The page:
By Pete Williams
WINTER GARDEN, Fla. – It’s been nearly five years since Jonny Simpkins attended a Florida obstacle race and decided he could put on a better one. Since launching his Rock On Adventures company with the Highlander Adventure Run early in 2011, he’s either directed or assisted with dozens of events, most taking place here at the Rock On Adventures Ranch, which he’s built into a permanent obstacle racing playground.
The 700-acre ROA Ranch, located just nine miles from Disney World, now is available for private rentals and Simpkins still will stage an occasional trail run. Simpkins also will work with obstacle race companies that want to hold an event here, as he has in the past. But this morning’s seventh edition of the Highlander Adventure Run, which drew about 450 athletes, will be the last full-scale obstacle race Simpkins himself will put on. That’s a shame because we’ve seen few events over the last five years that have offered as much value as The Highlander.
From the soft Tultex T-shirts Simpkins provided from the beginning to the Highlander medals to the Scottish-themed awards – beer steins to today’s top finishers – Rock On always has provided more swag than more well-heeled races. But it’s the course itself that always set Rock On apart. Simpkins, whose background is in the irrigation business, always has provided memorable water obstacles, along with a course thoroughly marked with thousands of irrigation flags.
Today’s Highlander finale was no exception. Athletes were encouraged to dress in a Superman theme, a tribute to Simpkins’ late older brother, Tim, who died of cancer in 2001 at the age of 46. The longtime endurance athlete liked to run in costume, long before it became trendy, and Superman attire was his favorite.
Today’s athletes, many dressed in appropriate Man of Steel garb, completed a 3.6-mile course that included a plank plunge, zipline over water and a course-ending waterslide constructed at a cost of $20,000 by the now-defunct Superhero Scramble, which leased the property for one of its last events. The Scramble, of course, was one of many races to start out of Florida with grand ambitions of going national only to fold.
Obstacle racing seems to have peaked in early 2013, and though the private equity-funded Spartan Race seems to have captured a consistent audience, the bucket-list, let’s-get-a-team-together crowd that fueled the growth of the meteoric growth of the industry for so long has moved on to other things. There’s still a core group of obstacle racers, to be sure, and today’s modest crowd was mostly lean athletes who ran the course. Gone are the legions of walkers and slow-moving groups of 20-40 that were commonplace as recently as two years ago.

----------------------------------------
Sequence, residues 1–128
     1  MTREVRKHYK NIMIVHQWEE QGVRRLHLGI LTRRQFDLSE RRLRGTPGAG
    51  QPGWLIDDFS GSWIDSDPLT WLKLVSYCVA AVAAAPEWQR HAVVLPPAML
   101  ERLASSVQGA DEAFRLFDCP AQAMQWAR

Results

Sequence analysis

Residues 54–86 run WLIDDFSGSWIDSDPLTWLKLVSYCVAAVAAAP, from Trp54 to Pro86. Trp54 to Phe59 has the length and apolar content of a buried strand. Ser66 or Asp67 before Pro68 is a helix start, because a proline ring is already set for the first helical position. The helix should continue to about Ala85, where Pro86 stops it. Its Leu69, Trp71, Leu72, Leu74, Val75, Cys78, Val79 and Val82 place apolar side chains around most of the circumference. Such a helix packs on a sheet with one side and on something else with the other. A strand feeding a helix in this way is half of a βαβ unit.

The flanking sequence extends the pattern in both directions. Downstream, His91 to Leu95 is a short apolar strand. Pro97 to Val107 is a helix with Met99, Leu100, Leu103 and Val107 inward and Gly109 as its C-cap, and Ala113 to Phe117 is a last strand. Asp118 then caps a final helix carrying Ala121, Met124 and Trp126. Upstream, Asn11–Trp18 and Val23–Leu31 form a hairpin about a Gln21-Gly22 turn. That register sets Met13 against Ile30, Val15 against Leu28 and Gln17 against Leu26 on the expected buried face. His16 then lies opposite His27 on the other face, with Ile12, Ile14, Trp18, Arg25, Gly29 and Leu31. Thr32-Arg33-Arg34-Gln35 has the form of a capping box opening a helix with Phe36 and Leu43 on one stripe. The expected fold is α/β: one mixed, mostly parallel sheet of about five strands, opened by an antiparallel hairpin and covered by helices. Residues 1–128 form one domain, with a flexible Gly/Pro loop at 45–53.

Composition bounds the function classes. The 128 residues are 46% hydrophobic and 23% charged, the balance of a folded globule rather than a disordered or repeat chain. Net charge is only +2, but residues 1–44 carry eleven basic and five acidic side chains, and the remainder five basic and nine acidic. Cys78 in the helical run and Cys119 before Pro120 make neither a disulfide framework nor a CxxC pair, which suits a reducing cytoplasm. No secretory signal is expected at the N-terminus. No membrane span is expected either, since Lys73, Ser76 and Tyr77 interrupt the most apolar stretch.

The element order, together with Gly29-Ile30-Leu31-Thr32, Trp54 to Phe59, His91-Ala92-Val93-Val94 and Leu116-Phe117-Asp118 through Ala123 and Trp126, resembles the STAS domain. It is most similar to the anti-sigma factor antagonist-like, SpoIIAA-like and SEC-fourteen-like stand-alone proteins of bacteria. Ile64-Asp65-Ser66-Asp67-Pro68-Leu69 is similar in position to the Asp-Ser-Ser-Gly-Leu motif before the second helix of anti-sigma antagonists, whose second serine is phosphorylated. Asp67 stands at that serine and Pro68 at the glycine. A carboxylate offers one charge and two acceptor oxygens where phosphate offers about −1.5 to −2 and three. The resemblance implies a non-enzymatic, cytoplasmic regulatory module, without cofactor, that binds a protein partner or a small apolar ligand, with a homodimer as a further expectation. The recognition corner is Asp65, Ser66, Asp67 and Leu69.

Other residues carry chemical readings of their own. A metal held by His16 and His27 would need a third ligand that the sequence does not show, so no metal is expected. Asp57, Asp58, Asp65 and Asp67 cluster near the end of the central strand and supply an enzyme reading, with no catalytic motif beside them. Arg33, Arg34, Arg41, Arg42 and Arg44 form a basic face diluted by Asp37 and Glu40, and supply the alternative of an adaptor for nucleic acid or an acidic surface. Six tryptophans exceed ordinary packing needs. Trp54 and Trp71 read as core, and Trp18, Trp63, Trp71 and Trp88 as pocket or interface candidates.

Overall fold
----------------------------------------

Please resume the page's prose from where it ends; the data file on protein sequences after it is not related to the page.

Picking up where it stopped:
From the beginning Simpkins was more about putting on a safe, quality event than capturing the easy dollars of the OCR fad. There were always kids races, no spectator fees, and parking that was either free or only a modest charitable contribution. Looking out over the sprawling fields of the ROA Ranch this morning, we remembered such awesome events as the Yak-a-Thon, a run-kayak-run-bike-run in sweltering July heat in 2012; the Monster Bash Dash, a zombie-themed race in early 2012 long before that fad grew tired; the Battle Dash and Mile of Pain, two America Ninja Warrior-style short courses; and numerous family fun days and trail runs. Simpkins built more than 100 permanent obstacles on the property and most were included in today’s race.
Orlando’s sprawling development is catching up with ROA Ranch, which just 18 months ago had little but undeveloped land separating it for two miles from the FL-429 toll road that makes the property a convenient trip from anywhere in Central Florida. Recently-installed subdivision roads now serve as a harbinger of development to come, perhaps all the more reason why ROA Ranch will remain a convenient OCR oasis in Central Florida.
So while today’s Highlander seemed like the end of an era, there was a sense that it was only a beginning, and not just because one young man proposed to his girlfriend after taking the plunge down the slide at the end of Highlander 7. Having worked or raced all seven Highlanders, we’re looking forward to the next incarnation of Rock On Adventures.
The ROA Grand Reopening kicks off with a free event day on Oct. 17.